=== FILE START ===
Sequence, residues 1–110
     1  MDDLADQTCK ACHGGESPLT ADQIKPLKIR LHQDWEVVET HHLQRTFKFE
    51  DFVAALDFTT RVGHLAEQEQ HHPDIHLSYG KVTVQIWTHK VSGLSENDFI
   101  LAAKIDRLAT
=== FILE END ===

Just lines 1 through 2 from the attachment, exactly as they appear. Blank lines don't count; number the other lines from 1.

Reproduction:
Sequence, residues 1–110
     1  MDDLADQTCK ACHGGESPLT ADQIKPLKIR LHQDWEVVET HHLQRTFKFE